Intrapleural minocycline pleurodesis for bilateral pneumothorax due to septic pulmonary embolism: a case report
Case Report: iMDT Corner

Intrapleural minocycline pleurodesis for bilateral pneumothorax due to septic pulmonary embolism: a case report

Masahiro Yanagiya1, Yoshihiro Kazama2, Shun-Mao Yang3, Amos Lal4, Debora Russo5, Satoshi Watanabe6, Ami Wada1, Yoshiaki Furuhata1, Jun Nakajima1

1Department of Thoracic Surgery, Japanese Red Cross Medical Center, Tokyo, Japan; 2Department of Gastroesophageal Surgery, Japanese Red Cross Medical Center, Tokyo, Japan; 3Department of Surgery, National Taiwan University Hospital, Hsin-Chu Branch, Zhubei City, Hsinchu County; 4Division of Pulmonary, Critical Care and Sleep Medicine, Mayo Clinic, Rochester, MN, USA; 5Division of Cardiology, Department of Cardiac, Thoracic and Vascular Sciences, Carlo Poma Hospital, Mantova, Italy; 6Department of Respiratory Medicine and Infectious Diseases, Niigata University Graduate School of Medical and Dental Sciences, Chuouku, Niigata, Japan

Contributions: (I) Conception and design: M Yanagiya, Y Kazama, A Wada, Y Furuhata; (II) Administrative support: Y Kazama, Y Furuhata, J Nakajima; (III) Provision of study materials or patients: Y Kazama; (IV) Collection and assembly of data: M Yanagiya, A Wada, Y Furuhata; (V) Data analysis and interpretation: M Yanagiya; (VI) Manuscript writing: All authors; (VII) Final approval of manuscript: All authors.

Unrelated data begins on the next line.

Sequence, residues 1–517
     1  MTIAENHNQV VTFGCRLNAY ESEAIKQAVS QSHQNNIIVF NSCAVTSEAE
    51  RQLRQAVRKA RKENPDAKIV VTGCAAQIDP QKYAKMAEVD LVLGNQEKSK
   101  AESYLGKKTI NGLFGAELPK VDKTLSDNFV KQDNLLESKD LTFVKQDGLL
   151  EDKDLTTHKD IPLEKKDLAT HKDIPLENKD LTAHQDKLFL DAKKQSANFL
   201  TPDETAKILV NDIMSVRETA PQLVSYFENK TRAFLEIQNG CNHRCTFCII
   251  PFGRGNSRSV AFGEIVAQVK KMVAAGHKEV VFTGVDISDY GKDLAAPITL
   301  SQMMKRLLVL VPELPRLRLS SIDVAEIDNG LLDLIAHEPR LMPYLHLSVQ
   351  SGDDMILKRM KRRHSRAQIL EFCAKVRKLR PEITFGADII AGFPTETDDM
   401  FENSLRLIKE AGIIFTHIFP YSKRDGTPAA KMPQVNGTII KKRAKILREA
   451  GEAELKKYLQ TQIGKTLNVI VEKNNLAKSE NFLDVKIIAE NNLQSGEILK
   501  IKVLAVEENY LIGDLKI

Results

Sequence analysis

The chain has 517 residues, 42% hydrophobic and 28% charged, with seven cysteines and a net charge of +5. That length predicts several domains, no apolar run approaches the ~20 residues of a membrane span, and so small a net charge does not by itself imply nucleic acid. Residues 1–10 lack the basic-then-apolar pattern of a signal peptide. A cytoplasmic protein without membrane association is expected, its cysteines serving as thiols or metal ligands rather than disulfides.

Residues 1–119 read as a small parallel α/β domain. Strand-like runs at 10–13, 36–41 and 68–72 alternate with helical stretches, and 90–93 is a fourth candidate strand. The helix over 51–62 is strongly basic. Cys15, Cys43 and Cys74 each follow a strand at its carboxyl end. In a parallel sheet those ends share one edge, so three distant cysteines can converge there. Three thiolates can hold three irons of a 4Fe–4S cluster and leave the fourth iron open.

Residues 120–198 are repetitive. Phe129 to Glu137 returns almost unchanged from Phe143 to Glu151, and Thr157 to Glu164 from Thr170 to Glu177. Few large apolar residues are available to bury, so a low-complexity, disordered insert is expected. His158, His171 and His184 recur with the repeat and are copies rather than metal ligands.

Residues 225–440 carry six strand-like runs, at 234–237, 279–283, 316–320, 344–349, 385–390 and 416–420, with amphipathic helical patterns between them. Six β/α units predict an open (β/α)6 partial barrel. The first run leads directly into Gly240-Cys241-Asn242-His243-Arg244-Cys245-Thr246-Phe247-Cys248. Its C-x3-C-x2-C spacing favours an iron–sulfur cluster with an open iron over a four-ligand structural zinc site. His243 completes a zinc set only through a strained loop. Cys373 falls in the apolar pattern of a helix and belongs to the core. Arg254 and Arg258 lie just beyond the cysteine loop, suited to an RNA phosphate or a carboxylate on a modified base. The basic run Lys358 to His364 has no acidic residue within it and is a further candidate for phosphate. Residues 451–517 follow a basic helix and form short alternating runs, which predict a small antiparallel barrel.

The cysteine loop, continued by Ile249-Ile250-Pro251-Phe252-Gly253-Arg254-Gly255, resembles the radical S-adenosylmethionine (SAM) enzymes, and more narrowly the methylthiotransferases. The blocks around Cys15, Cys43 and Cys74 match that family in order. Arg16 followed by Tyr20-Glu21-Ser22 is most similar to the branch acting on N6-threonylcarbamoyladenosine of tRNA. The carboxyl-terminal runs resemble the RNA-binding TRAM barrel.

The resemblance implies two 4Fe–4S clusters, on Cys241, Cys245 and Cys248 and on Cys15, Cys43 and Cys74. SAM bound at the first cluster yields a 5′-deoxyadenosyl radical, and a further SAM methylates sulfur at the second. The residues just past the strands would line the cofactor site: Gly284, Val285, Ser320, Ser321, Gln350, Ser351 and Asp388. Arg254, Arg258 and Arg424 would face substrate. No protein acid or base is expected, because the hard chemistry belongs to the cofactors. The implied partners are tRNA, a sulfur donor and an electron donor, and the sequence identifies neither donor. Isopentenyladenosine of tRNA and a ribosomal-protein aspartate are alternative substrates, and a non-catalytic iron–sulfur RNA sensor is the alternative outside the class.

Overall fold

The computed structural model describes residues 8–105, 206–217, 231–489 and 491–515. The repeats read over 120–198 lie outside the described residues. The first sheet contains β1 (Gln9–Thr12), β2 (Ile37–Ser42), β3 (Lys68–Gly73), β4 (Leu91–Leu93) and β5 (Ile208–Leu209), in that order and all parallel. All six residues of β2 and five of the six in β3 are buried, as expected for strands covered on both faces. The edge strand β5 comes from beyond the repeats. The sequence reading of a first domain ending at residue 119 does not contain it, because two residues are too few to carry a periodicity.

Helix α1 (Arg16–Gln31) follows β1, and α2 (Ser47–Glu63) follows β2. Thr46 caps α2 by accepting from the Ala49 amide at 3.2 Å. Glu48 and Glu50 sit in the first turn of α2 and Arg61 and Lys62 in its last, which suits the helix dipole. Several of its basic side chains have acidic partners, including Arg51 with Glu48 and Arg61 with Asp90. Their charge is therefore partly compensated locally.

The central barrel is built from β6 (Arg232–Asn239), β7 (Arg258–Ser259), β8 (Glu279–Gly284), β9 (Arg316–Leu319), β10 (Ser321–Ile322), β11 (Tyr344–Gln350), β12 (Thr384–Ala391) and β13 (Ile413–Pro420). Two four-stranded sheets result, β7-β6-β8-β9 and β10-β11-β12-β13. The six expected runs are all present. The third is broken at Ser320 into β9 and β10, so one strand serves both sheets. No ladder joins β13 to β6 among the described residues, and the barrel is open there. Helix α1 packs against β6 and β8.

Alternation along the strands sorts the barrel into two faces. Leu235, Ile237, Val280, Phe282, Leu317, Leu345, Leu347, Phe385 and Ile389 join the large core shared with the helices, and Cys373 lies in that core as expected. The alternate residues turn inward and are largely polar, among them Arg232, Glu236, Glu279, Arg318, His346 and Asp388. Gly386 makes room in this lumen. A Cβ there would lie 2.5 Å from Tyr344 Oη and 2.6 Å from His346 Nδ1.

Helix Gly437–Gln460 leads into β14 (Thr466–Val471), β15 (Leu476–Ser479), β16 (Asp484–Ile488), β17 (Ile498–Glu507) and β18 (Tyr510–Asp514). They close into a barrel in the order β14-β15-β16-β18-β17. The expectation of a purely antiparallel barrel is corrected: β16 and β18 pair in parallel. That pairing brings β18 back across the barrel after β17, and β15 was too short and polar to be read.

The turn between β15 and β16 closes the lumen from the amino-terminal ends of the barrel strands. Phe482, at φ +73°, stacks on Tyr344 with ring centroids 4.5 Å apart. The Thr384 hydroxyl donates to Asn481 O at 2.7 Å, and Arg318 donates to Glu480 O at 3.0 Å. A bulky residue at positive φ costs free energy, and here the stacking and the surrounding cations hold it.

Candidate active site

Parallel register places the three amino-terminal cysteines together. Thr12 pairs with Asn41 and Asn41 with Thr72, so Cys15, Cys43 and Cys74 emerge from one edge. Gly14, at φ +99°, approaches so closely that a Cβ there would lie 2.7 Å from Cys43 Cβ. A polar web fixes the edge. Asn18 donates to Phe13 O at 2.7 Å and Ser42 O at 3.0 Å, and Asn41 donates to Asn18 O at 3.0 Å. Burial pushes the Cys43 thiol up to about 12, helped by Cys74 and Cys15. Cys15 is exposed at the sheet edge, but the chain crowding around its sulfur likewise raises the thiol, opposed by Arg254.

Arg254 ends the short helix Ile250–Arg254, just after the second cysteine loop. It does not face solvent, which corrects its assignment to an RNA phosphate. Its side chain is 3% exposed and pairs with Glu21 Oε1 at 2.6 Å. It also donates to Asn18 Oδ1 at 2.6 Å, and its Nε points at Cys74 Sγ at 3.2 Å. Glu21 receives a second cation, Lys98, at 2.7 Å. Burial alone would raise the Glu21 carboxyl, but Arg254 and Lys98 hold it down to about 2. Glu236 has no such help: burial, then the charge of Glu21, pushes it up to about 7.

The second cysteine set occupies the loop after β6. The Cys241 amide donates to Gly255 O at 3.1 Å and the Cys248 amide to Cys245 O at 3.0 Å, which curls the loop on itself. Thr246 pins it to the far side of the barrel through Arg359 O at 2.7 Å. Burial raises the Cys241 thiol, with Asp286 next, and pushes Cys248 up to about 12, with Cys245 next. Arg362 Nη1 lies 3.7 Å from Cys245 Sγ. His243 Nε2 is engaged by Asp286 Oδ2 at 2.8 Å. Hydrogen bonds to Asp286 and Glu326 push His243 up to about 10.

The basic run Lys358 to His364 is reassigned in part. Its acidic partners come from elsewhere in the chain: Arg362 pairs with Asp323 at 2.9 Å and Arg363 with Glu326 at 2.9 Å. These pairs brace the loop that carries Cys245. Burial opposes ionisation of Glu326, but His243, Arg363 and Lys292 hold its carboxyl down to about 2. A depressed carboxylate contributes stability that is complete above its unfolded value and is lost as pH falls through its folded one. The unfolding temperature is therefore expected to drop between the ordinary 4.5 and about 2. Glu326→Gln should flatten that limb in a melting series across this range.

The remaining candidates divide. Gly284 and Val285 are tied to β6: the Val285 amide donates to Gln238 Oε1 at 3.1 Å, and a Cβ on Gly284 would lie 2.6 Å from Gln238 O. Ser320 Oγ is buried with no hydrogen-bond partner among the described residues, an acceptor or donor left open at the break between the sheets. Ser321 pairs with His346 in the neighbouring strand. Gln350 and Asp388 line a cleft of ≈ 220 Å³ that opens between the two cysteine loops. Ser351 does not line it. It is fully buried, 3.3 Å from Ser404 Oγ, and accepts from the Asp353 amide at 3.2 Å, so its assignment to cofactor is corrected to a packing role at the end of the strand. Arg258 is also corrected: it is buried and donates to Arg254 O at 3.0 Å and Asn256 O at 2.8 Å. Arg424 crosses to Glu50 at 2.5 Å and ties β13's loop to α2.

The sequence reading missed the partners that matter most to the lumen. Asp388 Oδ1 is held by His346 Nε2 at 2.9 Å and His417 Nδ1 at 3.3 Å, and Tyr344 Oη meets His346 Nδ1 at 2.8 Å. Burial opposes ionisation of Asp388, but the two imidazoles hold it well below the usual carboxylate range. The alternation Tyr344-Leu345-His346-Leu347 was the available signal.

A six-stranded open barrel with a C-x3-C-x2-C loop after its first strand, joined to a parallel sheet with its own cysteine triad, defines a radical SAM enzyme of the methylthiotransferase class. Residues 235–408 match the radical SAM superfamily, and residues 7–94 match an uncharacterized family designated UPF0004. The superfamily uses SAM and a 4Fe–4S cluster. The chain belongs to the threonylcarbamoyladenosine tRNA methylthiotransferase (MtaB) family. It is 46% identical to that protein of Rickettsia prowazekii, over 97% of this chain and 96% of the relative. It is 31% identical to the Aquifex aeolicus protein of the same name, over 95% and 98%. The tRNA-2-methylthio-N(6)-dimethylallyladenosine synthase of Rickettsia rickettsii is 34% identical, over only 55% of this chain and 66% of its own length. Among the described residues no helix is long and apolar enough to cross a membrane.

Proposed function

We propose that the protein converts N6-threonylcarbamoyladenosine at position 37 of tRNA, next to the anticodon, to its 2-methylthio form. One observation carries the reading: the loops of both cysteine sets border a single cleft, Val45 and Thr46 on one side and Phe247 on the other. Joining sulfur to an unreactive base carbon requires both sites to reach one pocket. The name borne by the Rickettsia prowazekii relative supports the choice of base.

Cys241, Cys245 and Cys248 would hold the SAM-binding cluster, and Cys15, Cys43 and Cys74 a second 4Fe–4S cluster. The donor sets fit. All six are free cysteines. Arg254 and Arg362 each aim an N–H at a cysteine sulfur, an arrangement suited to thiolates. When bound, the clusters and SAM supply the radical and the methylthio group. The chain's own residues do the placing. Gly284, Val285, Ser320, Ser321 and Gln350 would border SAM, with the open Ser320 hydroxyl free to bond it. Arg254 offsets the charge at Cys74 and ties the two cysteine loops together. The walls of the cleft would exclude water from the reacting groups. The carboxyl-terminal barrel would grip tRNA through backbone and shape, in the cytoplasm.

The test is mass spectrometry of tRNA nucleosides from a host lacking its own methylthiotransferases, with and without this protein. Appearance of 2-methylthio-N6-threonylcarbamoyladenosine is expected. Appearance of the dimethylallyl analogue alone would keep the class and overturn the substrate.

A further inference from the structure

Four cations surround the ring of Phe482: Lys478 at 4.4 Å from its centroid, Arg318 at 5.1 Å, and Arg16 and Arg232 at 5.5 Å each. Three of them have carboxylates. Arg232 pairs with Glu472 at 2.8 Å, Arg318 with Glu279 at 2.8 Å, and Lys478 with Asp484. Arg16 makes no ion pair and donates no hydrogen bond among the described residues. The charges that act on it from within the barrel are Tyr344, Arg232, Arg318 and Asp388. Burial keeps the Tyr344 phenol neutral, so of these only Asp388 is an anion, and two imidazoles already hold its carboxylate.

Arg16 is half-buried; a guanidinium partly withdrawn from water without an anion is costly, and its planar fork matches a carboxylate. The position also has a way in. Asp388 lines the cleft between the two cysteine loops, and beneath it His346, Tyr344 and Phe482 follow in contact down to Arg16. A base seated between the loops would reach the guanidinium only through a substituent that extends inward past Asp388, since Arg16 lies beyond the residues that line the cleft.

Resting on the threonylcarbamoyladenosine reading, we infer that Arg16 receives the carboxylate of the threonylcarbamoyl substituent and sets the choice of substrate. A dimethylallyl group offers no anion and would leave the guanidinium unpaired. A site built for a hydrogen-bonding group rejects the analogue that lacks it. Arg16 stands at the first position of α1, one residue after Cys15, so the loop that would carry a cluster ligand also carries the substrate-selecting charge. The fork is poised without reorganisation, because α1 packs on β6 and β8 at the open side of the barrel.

Correspondence to: Masahiro Yanagiya, MD. Department of Thoracic Surgery, Japanese Red Cross Medical Center, 4-1-22 Hiroo, Shibuya-ku, Tokyo 150-8935, Japan. Email:

Background: Pneumothorax is a rare but serious complication of septic pulmonary embolism (SPE). SPE is a life-threatening disorder wherein infected thrombi bring infarction of the terminal and small caliber parts of the pulmonary vasculature and develop multiple nodular and cavitary lesions. Interventions other than conservative chest tube drainage for pneumothorax due to SPE have rarely been reported. Here, we present a case of bilateral pneumothorax due to SPE treated with intrapleural minocycline pleurodesis.

Case Description: A 72-year-old male patient previously diagnosed as esophageal carcinoma developed metachronous bilateral pneumothorax while treated for brain metastases. Based on blood cultures and chest computed tomography images, he was diagnosed with pneumothorax secondary to SPE due to methicillin-susceptible Staphylococcus aureus bacteremia. Bilateral chest tube drainage was instituted. Continuous air leakage was found bilaterally after chest tube placement. He was treated with broad-spectrum antibiotics based on the susceptibility profile and supportive treatment for sepsis. Approximately 3 weeks later, air leakage significantly reduced. We performed intrapleural minocycline pleurodesis bilaterally to prevent the recurrence of pneumothorax; the left side was firstly treated and the right side was treated 2 weeks later. Both chest tubes were successfully removed two days after procedures. Although the patient finally died of brain metastases 1 month after pleurodesis, he never recurred pneumothorax.

Conclusions: Intrapleural minocycline pleurodesis may be one of the useful and efficacious options in terms of treating intractable pneumothorax associated with SPE. Intrapleural minocycline pleurodesis could be a consideration for intractable pneumothorax related to SPE.